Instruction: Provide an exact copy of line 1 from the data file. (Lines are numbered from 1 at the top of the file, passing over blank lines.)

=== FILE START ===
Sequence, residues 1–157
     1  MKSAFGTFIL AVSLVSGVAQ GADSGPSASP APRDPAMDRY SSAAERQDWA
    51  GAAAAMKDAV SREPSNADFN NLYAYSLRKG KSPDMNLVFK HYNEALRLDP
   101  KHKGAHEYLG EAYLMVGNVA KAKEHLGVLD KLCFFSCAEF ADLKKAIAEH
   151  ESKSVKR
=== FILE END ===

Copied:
Sequence, residues 1–157